Controlled stem cell amplification by HOXB4 depends on its unique proline-rich region near the N terminus

Monica Cusan, Naidu M. Vegi, Medhanie A. Mulaw, Shiva Bamezai, Lisa M. Kaiser, Aniruddha J. Deshpande, Philipp A. Greif, Leticia Quintanilla-Fend, Stefanie Göllner, Carsten Müller-Tidow, Keith R. Humphries, Scott A. Armstrong, Wolfgang Hiddemann, Michaela Feuring-Buske and Christian Buske

Key Points

  • The conserved proline-rich region is essential for HOXB4 to amplify long-term hematopoietic stem cells without loss of homeostasis.

  • Loss of this region increases leukemogenicity of HOXB4, altering its DNA-binding properties.

Publisher's Note: There is an Inside Blood Commentary on this article in this issue.


There is high interest in understanding the mechanisms that drive self-renewal of stem cells. HOXB4 is one of the few transcription factors that can amplify long-term repopulating hematopoietic stem cells in a controlled way. Here we show in mice that this characteristic of HOXB4 depends on a proline-rich sequence near the N terminus, which is unique among HOX genes and highly conserved in higher mammals. Deletion of this domain substantially enhanced the oncogenicity of HOXB4, inducing acute leukemia in mice. Conversely, insertion of the domain into Hoxa9 impaired leukemogenicity of this homeobox gene. These results indicate that proline-rich stretches attenuate the potential of stem cell active homeobox genes to acquire oncogenic properties.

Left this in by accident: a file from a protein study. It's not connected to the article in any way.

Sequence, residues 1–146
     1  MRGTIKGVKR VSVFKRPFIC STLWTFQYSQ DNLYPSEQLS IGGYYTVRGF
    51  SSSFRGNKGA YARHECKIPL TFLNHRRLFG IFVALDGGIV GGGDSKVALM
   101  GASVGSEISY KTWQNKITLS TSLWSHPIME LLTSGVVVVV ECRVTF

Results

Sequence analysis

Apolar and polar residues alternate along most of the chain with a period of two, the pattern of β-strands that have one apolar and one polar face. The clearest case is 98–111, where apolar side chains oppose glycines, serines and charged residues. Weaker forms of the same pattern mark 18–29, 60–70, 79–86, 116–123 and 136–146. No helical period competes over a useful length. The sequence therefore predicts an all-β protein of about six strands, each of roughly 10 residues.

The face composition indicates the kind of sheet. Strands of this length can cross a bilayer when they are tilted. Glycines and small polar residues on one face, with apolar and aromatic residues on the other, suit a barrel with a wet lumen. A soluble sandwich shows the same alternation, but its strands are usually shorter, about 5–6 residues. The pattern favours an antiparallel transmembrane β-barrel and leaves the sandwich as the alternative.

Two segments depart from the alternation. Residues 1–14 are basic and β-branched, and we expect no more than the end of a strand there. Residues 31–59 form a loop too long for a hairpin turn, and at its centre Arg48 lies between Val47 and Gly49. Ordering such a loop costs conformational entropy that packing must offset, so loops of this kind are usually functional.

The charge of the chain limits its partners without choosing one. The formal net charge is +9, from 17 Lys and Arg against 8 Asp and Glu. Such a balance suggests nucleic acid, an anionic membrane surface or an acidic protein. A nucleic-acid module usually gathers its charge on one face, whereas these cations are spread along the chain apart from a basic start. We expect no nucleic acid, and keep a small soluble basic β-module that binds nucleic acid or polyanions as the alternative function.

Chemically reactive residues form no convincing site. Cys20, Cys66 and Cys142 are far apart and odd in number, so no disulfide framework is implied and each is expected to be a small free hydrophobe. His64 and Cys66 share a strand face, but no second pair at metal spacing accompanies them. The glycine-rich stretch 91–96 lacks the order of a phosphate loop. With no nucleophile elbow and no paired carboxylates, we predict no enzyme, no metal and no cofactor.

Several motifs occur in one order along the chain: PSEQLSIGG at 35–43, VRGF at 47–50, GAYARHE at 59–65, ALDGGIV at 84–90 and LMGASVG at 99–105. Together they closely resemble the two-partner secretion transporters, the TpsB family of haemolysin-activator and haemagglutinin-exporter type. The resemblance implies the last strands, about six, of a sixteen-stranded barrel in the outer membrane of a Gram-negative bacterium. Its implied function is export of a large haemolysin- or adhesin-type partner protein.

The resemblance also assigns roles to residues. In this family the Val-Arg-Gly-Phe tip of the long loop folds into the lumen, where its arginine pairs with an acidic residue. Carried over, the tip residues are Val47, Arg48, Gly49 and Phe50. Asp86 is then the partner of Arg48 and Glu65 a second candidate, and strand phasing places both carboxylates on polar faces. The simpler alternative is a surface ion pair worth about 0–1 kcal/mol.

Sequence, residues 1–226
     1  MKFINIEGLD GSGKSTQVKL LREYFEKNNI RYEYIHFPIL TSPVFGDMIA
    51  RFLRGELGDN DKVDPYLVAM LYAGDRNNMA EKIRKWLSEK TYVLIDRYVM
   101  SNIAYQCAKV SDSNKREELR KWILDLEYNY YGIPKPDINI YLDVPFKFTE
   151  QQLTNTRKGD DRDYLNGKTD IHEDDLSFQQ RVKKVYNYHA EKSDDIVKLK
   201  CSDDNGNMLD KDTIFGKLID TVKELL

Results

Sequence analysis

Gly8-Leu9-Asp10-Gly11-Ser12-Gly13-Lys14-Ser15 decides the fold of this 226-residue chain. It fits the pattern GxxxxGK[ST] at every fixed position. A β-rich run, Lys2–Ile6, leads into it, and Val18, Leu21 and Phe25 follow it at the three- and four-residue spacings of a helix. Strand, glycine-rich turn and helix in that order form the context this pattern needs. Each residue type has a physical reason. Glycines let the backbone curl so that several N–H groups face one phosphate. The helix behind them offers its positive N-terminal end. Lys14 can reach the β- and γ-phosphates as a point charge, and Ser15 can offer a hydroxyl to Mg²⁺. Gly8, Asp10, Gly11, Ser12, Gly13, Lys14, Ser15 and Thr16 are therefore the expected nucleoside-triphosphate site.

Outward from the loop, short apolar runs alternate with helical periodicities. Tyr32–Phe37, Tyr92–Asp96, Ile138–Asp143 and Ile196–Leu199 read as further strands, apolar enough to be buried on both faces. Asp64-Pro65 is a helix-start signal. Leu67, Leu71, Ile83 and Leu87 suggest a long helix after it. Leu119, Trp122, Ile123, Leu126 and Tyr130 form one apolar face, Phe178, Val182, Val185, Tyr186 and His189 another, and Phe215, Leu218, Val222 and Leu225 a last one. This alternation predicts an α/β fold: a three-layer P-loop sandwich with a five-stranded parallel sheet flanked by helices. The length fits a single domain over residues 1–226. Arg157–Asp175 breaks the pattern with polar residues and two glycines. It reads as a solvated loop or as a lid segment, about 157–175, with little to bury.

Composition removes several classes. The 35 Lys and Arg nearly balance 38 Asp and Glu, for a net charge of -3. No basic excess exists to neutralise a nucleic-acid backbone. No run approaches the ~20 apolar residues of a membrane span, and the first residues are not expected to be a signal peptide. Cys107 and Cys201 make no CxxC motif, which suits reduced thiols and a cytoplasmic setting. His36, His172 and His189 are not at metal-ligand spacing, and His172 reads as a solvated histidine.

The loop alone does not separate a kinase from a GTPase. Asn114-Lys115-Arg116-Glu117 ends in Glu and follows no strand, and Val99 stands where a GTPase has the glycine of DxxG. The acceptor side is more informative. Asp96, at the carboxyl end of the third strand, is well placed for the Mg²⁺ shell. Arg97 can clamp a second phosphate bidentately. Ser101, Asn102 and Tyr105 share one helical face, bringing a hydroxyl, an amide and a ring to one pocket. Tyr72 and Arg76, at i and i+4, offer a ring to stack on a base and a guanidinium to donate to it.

The ability to augment hematopoietic stem cell (HSC) numbers in vitro is critically dependent on our understanding of the molecular determinants of HSC self-renewal. One of the best studied transcriptional regulators of HSC self-renewal is HOXB4, which has been shown to induce a significant increase in the frequency of HSCs in human and murine systems by retrovirally engineered overexpression or protein delivery.1-6 Despite being among the most potent known stimulators of HSC expansion, sustained overexpression of Hoxb4 in vivo does not result in regeneration of HSC numbers above those in unmanipulated normal mice, suggesting that it does not override homeostatic control mechanisms regulating HSC numbers.1,4,7 This observation is in line with data demonstrating that constitutive expression of Hoxb4 is not overtly leukemogenic in the absence of cooperating genes such as Meis1 in contrast to other Hoxb genes or Hox genes of the A cluster in mice.8,9 The critical functional domains of Hoxb4 that distinguish its overt effects on hematopoiesis from other Hox proteins are not fully elucidated. We now demonstrate that the proline-rich domain near the N terminus in the HOXB4 gene plays a key role in determining the largely nonleukemogenic stem cell amplificatory characteristics of HOXB4.


Retroviral constructs